Equity Release Council welcomes FCA vulnerability guidance

Michael Lloyd

October 8, 2019

The Equity Release Council has welcomed the FCA’s draft guidance on vulnerability.

The FCA has finished consulting firms on its draft recommendations.

In its Vulnerability Consultation, the FCA proposed firms should understand the needs of vulnerable consumers and ensure the level of customer service they provide meets their needs.

It also said that firms should design their products and services to take into account their needs and communicate information to vulnerable customers in a fair way.

David Burrowes (pictured), chairman of the Equity Release Council, said: “We wholeheartedly support the FCA’s focus on the issue of vulnerability to ensure fair treatment of consumers across the financial services industry.

“The Council’s founding purpose in 1991 was to introduce safeguards which have established consumer protections at the heart of the equity release market.

“This included embedding the guarantee of independent legal advice into the process of taking out an equity release plan, alongside clear product standards.

“The provision of legal advice alongside regulated financial advice and provider assessments is a critical step towards detecting potential vulnerability and understanding the appropriate steps necessary to support consumers.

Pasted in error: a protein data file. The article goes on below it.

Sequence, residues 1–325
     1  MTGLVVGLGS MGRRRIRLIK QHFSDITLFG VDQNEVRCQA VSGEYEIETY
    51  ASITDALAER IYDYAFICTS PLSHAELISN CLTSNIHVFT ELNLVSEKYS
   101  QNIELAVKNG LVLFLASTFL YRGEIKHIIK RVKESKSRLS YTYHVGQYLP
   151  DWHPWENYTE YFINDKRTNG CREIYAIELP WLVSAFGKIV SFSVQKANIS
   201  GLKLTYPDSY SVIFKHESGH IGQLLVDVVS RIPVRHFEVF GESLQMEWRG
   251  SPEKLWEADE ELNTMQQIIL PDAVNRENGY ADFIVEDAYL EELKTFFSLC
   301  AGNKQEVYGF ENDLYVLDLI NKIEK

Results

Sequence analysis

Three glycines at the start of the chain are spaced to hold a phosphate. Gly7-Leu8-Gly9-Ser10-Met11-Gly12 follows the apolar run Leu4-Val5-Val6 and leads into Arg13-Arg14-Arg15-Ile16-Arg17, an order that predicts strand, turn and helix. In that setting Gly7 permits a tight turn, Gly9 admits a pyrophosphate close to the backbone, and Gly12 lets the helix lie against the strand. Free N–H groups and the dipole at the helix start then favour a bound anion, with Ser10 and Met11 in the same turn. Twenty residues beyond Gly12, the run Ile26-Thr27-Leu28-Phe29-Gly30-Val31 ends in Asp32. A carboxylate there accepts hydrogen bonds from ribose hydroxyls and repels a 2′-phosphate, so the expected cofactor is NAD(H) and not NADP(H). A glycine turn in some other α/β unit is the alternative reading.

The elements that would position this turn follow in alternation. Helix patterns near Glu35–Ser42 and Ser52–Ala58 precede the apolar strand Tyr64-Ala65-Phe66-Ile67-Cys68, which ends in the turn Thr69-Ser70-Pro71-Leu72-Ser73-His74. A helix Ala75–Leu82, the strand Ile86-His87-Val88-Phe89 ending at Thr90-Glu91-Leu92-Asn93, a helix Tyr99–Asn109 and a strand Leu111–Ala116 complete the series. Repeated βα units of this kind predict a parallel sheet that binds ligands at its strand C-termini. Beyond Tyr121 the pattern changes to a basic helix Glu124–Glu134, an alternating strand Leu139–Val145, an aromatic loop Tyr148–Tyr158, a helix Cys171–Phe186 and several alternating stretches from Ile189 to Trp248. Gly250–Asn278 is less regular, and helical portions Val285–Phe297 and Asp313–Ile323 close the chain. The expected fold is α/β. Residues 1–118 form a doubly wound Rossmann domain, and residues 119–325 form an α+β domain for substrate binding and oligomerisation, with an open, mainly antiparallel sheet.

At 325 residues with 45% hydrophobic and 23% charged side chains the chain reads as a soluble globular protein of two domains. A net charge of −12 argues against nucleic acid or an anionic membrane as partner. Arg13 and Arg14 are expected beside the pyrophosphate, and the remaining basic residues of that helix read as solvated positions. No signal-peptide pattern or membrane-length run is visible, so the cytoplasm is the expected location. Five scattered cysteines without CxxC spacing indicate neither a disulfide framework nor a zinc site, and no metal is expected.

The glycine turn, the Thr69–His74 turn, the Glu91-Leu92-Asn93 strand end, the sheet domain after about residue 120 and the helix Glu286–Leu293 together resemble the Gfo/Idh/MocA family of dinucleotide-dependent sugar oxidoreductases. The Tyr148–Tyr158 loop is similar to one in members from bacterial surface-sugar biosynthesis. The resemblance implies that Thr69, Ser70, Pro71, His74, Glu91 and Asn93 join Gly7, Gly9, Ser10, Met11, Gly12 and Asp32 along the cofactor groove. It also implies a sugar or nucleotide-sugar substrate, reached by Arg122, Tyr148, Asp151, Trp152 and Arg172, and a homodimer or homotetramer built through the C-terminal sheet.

“For example, the Mental Capacity Act identifies solicitors among those professionals who are capable of assessing mental capacity.

“Legal verification ensures that a customer has the capacity to understand the terms of an equity release product and its implications before deciding to go ahead, with a qualified medical opinion sought in the event of any doubts.”

Burrowes said that customers are also encouraged to have open conversations with family members or beneficiaries before committing to any decision, with family often invited to join conversations with their adviser.

He added: “As the nature of modern retirement evolves and efforts continue to move on from traditional silo-ed advice, this experience can be channelled to benefit a broader range of consumers.

“The council is working closely with other financial services trade associations to consider how qualifications can evolve to best equip advisers in the broader later life lending sector.

“This includes discussions about embedding minimum standards of training for frontline staff, which can enable a wide range of firms and colleagues to spot signs of vulnerability and understand the individual company’s policy on vulnerability.”

Alice Watson, head of marketing and communications at Canada Life Home Finance, also welcomed the proposals.

She said: “It’s reassuring that the FCA has consulted with industry to establish the best ways and means to protect vulnerable customers.

“Customer vulnerability is an incredibly complex issue. The best solutions to identifying vulnerable customers and deciding on the most appropriate safeguards will require input from policymakers and wider society, as well as from industry and the regulator.

“Canada Life Home Finance has worked with the Money Advice Trust to better equip our frontline staff with the skills and knowhow to identify vulnerable customers, so they can get suitable help and advice.”


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